Interview: Jason Robins, CEO, DraftKings

Interview: Jason Robins, CEO, DraftKings

Fanduel and Draftkings are both head to head in this market and we speak to Draftkings CEO, Jason Robins to discuss more about the crossovers between the two and their current marketing war.

Published 28th December 2014

What was your background prior to starting DraftKings, and how did you come to enter the daily fantasy sports (DFS) space and lead the business?

Before DraftKings, I led acquisition efforts at Capital One and Vistaprint. I started in marketing and analytics at Capital One, which is where I met DraftKings cofounder Matt Kalish, and then moved on to Vistaprint, which is where I met our third co-founder Paul Liberman. We were all big fantasy sports fans, and wanted to turn that passion into careers. Matt Kalish came to Paul and me with the idea; then we spent about a year developing the company before we quit our day jobs to do DraftKings full-time.

What do you see as the main factors driving the explosive growth of daily fantasy sports over the last couple of years?

Daily fantasy fills a unique space for sports fans. The product provides on-demand access, flexibility and the potential for near constant game play. If you’re a die-hard season-long player, daily fantasy offers the opportunity to stay in the game, and the constant excitement of a new draft. Casual fans also don’t lose anything by taking some time off and coming back to play when they can. So, it’s a pretty near perfect experience for players.

You launched later than most of the competition, yet are now firmly established as one of the big two in DFS. What exactly has DraftKings done differently to enable it to achieve this position in such a short time frame?

We came in with direct marketing and customer acquisition experience from the start, so we hit the ground knowing how to find and convert customers. In addition, we had a keen focus on customer experience from the outset. A game is much more fun if it’s accessible, easy to learn, and the technology is reliable. That led us to develop what we see as a best-in-class user interface, and to be the first to offer our games across the widest range of devices and OS. We remain the only major daily fantasy sports company with an Android app, and we were the first with an iOS app. Finally, we focused on providing breadth of experience, so we diversified into having the most sports, and a wide array of play options, including a weekly contest that awards $1 million. Generally, I think we did a good job of identifying what was important to our market, and executing on those things efficiently.You’ve been on an acquisition drive of late. Are there still some user databases out there worth acquiring, or is organic growth now your near-term focus? We acquired DraftStreet and StarStreet just this year, and we are seeing exceptional organic growth at the same time. However, we never rule anything out.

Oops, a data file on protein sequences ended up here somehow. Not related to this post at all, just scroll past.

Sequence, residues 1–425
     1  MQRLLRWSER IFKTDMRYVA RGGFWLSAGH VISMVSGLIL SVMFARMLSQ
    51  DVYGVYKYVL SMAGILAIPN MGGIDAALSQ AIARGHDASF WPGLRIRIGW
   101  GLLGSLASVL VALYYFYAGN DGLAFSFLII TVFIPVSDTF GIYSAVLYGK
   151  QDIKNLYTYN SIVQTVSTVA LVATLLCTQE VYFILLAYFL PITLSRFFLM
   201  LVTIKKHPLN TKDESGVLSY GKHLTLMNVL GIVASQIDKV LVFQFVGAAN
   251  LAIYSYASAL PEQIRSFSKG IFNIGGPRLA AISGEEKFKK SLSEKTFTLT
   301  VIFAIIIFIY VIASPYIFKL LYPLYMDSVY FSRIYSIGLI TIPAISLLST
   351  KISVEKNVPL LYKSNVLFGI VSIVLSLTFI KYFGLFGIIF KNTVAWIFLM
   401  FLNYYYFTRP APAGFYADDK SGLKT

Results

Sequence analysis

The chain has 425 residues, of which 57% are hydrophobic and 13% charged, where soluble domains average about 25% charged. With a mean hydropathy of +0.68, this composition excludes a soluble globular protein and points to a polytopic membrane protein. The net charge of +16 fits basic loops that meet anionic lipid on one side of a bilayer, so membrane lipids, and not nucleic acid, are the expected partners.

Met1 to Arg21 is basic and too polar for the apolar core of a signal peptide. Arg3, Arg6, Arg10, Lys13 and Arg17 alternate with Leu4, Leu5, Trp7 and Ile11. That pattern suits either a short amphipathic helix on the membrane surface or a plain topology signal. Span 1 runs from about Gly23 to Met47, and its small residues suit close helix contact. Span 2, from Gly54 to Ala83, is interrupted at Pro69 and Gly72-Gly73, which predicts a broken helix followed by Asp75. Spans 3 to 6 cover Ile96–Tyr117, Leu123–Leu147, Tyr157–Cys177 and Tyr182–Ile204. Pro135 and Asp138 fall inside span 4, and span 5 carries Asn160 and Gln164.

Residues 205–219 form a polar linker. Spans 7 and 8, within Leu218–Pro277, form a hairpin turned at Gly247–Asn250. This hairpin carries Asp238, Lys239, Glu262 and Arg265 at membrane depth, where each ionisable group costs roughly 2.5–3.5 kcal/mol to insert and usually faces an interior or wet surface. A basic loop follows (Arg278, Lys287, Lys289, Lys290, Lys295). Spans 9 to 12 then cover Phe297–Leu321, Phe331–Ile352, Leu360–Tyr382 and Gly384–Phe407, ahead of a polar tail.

You have been taking advantage of the leagues recently lifting their ban on sponsorships with fantasy companies, signing with the New England Patriots among others. What is the significance of these new types of deal for DraftKings?

Inking deals with sports teams is extremely significant. As you mentioned, we signed with the Patriots, which made us the first DFS company to sign a deal with an NFL team, and last week we announced our deal with the Broncos. These types of partnerships are exciting for us on many levels. First, the brand exposure for us is highly valuable, of course. But in addition to that, it is a step forward in raising mainstream awareness of our product. Historically, DFS has been a pretty niche industry, understood by only a relatively small group of early adopters. Partnerships like ours with the Patriots and now the Broncos give sports fans a reason to explore and figure out what the buzz is all about, which is decidedly good for DraftKings, and the industry overall. Coming into the Pats deal, we actually already had a league partnership in place with the MLB, and since then we’ve announced a partnership with the NHL. We’re looking forward to aligning ourselves with even more professional sports leagues and teams moving forward.